I recently received a question from one of my Lightroom Webinar attendees wondering why Adobe Camera Raw uses colors like aqua, orange and purple in the HSL panel instead of sticking with the standard red, green, blue, cyan, magenta and yellow?
Although I can’t say definitively, I suspect the answer to the question lies in the organization of the HSL color mode. Like the RGB color mode, which uses three points (red, green, blue) to describe any color, the HSL color mode defines colors based on their hue, saturation and luminosity or lightness. Once you understand how the color model works, it is very intuitive for making corrections, which is why the HSL panel in Lightroom and Photoshop is among my favorite color and tone correction tools.
Here’s a quick breakdown:
Hue: The colors around the color wheel are identified by their hue angle, listed in degrees, like a compass. 0-degrees points toward the top of the circle and refers to red. A hue angle of 200 degrees refers to a bluish green.
Saturation: The Saturation listing refers to the intensity or purity of the color. Listed from 0-100, a Saturation of 0 would be a point in the center of the circle; a Saturation setting of 80 refers to a highly saturated color toward the outer ring of the circle.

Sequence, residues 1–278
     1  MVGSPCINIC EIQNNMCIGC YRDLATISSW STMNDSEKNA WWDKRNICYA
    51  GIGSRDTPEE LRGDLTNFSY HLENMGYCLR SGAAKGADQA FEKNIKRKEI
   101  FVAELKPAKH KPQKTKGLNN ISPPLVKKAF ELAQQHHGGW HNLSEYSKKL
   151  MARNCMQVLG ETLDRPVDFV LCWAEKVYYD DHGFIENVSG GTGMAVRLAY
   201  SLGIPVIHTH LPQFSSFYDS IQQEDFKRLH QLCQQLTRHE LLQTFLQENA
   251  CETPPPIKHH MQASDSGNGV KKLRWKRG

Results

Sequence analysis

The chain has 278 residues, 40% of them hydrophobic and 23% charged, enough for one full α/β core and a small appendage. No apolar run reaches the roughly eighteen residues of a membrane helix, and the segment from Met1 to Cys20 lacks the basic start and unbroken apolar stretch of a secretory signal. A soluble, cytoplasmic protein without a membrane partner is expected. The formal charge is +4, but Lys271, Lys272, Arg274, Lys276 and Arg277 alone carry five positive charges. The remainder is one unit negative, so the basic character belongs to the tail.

Lightness: While most color wheels are shown as a flat disk like the one above, the HSL color model actually refers to a cylindrical range of colors. Hue and Saturation describe points on the flat disk and the Lightness defines the third dimension, or the lightness of the pixel on a range from black to white.
Together, these three color attributes allow you to define colors very precisely. In Lightroom and Photsohop, you can adjust these three attributes in a way that allows you to darken blue skies, warm skin tones or adjust the color of grasses and leaves, independent of the rest of the image without the need for layer masks or selections.
Back to the HSL panel. If you divide the 360-degrees of the color wheel by the 8 control points, each slider is responsible for controlling a 45-degree hue-angle. Each of these 45-degree slices corresponds with the named slider in the HSL panel.
Now that you know how HSL works, give it a try. I bet you’ll be surprised with the degree of control you have over your images.